Silverado Intern Shares Personal Experience with Art Therapy
by Hailey Holmes, graduated Silverado Hospice intern
As a Masters of Social Work intern at Silverado Hospice, I immediately began looking for opportunities to positively impact our patients. Lori, a fellow intern, inspired me with her knowledge of utilizing art to benefit those with dementia.
She had previously worked as a facilitator for Memories inthe Making — a unique art program designed by the Alzheimer’s Association. Through the program, Lori learned firsthand how art could help memory-impaired individuals express themselves — even when other forms of communication had declined.
Research studies have demonstrated that when a patient and an art facilitator engage creatively, the brain is stimulated. Art created from memories can cultivate a relational connection. In this process of creativity, the patient is able to bring together inside feelings with an outside experience.
During a staff training class led by Lori, we each were asked to paint a peaceful memory using watercolors. Lori used that exercise to teach the techniques and strategies she had learned from her previous experience. As a result, I felt a sense of happiness from having painted my own peaceful memory — an emotion I later had an opportunity to share with a Silverado patient.
While visiting with a new patient, who was diagnosed with dementia, I decided to use the techniques Lori had taught me. The first few times I asked if she would like to paint, she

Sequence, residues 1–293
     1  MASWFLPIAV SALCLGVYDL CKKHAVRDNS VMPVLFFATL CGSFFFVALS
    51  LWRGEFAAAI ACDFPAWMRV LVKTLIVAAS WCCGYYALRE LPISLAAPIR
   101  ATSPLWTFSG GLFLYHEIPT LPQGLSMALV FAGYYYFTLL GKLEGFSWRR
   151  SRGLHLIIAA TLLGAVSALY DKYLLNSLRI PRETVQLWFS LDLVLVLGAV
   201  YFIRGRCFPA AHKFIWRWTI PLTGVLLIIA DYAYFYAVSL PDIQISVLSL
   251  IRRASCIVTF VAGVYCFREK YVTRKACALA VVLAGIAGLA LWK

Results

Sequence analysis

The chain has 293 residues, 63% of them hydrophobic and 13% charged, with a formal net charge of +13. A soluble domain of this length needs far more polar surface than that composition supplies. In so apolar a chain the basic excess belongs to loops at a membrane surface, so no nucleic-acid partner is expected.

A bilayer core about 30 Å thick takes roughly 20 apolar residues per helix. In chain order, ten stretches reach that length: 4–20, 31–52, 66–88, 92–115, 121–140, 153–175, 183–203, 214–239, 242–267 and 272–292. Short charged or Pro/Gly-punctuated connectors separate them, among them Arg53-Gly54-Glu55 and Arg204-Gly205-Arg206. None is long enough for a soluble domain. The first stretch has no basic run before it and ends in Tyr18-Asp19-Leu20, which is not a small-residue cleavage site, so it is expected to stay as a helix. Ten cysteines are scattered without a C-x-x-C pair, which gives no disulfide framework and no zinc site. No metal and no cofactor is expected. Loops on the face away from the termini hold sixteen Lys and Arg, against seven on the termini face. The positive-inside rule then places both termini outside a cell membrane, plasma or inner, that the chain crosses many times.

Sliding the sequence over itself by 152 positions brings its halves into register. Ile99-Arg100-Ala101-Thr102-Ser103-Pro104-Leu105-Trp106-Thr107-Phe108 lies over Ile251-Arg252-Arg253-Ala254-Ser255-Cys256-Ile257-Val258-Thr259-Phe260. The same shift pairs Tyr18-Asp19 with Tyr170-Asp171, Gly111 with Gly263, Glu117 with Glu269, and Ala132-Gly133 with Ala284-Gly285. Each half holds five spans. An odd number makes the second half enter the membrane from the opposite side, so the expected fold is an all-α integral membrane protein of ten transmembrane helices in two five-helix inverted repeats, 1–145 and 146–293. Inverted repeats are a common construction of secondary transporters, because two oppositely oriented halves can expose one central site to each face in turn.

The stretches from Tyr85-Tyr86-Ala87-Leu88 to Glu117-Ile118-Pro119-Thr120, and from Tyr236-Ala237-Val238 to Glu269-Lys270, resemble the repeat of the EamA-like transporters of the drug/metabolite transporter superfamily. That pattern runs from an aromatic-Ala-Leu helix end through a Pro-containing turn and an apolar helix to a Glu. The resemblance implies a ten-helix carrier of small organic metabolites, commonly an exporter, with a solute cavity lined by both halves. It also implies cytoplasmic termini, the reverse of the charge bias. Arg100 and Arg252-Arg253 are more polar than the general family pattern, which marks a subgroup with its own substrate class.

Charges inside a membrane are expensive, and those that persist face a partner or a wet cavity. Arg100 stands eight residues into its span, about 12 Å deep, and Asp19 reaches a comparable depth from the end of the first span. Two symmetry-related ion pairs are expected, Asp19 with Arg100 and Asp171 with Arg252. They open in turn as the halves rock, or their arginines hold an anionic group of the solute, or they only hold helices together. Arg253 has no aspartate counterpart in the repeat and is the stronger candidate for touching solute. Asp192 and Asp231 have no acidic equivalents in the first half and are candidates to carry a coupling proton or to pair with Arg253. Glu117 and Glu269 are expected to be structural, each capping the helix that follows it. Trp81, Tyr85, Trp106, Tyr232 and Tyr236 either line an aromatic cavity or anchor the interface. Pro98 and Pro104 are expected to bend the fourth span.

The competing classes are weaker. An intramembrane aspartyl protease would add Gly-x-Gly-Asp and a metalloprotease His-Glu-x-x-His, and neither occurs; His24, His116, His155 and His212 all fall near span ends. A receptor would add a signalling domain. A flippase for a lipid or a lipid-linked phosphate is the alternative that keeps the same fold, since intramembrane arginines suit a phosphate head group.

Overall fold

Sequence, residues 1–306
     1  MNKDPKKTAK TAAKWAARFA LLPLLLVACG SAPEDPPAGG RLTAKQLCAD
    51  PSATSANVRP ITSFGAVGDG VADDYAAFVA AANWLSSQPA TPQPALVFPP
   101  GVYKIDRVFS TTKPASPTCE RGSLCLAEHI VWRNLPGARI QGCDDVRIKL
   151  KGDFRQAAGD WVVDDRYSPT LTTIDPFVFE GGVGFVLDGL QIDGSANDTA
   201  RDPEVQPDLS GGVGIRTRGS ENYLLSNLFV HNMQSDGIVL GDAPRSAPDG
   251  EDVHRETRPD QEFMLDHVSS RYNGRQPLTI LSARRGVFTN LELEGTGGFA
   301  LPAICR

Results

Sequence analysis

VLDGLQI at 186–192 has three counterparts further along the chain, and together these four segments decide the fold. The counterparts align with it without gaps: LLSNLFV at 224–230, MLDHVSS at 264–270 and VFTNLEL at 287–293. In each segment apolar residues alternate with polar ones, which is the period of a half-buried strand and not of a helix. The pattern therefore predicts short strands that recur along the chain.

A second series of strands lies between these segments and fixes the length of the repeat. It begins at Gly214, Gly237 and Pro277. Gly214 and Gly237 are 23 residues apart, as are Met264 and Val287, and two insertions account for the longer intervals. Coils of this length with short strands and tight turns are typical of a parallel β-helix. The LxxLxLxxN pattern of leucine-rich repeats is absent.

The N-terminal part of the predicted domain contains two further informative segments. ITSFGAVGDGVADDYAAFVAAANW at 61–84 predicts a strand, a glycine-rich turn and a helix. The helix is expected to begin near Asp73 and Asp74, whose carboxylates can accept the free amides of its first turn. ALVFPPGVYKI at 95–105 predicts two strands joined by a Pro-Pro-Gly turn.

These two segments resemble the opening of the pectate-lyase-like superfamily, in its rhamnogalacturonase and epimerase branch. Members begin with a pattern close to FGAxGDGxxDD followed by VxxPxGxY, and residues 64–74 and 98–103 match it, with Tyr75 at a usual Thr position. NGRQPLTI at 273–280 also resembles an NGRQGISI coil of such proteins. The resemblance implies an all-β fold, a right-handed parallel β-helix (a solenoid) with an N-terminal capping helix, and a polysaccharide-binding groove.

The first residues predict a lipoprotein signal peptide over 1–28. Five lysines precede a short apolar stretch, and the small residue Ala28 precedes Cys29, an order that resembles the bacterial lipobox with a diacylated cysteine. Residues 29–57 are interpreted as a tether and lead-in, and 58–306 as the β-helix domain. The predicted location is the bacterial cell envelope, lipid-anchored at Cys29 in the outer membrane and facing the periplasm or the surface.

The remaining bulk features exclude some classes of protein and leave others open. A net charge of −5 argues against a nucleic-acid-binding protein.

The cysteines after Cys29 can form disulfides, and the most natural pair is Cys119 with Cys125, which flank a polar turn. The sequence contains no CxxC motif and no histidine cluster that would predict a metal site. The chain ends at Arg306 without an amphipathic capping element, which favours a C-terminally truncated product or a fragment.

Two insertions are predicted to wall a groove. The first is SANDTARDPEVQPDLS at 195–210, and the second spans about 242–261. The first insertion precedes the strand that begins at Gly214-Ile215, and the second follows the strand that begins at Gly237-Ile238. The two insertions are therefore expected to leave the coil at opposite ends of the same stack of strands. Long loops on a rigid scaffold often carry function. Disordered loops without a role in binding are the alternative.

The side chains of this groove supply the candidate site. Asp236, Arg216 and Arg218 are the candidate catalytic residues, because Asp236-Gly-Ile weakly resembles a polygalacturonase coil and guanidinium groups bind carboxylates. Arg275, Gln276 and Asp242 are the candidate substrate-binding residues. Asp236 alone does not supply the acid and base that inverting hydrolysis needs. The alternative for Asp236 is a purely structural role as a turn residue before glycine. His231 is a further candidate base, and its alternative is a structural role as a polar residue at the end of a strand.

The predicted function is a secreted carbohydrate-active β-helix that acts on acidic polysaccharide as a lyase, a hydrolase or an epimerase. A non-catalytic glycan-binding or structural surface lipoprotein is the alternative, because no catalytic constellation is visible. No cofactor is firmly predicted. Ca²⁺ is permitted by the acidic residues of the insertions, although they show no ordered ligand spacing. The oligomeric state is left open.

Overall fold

said, “That sounds fun, but not today.” Finally, she accepted my offer. She painted a picnic, a fishing pole and a river in England where she spent weekends with her family. At the end of our visit, she appeared peaceful and happy. The next week, she painted a beautiful bouquet of wild flowers in a vase, recalling, “My garden always brought me peace.” She then shared, “I never knew I could enjoy life again. Thank you
for coming.” I didn’t know at the time that this would be the last painting she created. Two weeks later, she passed away.
Looking back, I know I was able to provide a great sense of peace and happiness. We remembered good times in her life when she felt active, peaceful and loved. I did not know the power that art could have over a patient’s hardships until I experienced it firsthand.
Soon after, I gave the painting to the patient’s daughter. She immediately teared up and said to me, “Thank you for giving me a piece of my mom back. I will keep this in my daughter’s room so the legacy that my mom created can live on.” To this day, I truly feel that the piece of art gave her daughter the happiness that my patient had felt while painting it.